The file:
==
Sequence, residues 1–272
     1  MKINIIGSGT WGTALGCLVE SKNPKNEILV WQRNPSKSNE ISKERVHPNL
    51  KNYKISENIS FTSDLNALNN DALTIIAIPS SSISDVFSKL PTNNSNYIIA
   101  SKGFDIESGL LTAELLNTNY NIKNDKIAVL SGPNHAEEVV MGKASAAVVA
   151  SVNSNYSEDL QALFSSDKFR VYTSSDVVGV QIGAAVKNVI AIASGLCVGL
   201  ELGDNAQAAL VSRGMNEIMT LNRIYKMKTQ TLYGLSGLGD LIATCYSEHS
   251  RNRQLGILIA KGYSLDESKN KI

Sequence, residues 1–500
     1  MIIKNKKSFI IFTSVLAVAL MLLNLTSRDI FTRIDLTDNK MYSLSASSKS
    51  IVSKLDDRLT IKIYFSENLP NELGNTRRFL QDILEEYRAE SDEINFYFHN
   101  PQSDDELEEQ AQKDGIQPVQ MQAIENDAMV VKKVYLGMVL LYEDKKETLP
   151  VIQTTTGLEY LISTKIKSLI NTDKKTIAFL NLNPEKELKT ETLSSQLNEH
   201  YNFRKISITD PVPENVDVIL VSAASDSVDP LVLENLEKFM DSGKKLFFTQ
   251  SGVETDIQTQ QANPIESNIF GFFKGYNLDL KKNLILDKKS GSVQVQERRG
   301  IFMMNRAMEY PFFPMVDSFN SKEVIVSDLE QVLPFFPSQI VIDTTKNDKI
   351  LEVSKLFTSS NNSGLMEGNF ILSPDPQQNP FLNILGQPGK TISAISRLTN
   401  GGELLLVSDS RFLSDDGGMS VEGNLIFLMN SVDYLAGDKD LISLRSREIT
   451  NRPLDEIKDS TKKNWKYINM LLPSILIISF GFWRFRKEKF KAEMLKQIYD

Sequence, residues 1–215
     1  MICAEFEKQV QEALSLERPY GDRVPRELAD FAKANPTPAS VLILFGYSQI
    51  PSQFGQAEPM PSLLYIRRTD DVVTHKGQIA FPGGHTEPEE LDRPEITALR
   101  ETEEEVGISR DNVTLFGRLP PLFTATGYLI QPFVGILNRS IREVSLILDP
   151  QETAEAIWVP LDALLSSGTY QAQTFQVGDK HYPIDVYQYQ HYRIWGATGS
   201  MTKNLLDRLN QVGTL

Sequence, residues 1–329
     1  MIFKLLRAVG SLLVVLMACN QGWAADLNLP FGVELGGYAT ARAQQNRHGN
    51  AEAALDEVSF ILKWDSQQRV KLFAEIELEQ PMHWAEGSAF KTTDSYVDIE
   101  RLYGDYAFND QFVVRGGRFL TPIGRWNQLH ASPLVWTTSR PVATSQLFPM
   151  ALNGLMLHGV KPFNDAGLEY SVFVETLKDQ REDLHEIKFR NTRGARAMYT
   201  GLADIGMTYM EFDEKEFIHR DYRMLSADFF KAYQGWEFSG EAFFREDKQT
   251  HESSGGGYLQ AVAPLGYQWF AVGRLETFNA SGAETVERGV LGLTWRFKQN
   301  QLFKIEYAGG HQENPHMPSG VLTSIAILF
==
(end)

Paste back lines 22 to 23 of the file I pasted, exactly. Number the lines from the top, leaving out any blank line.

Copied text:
   101  ETEEEVGISR DNVTLFGRLP PLFTATGYLI QPFVGILNRS IREVSLILDP
   151  QETAEAIWVP LDALLSSGTY QAQTFQVGDK HYPIDVYQYQ HYRIWGATGS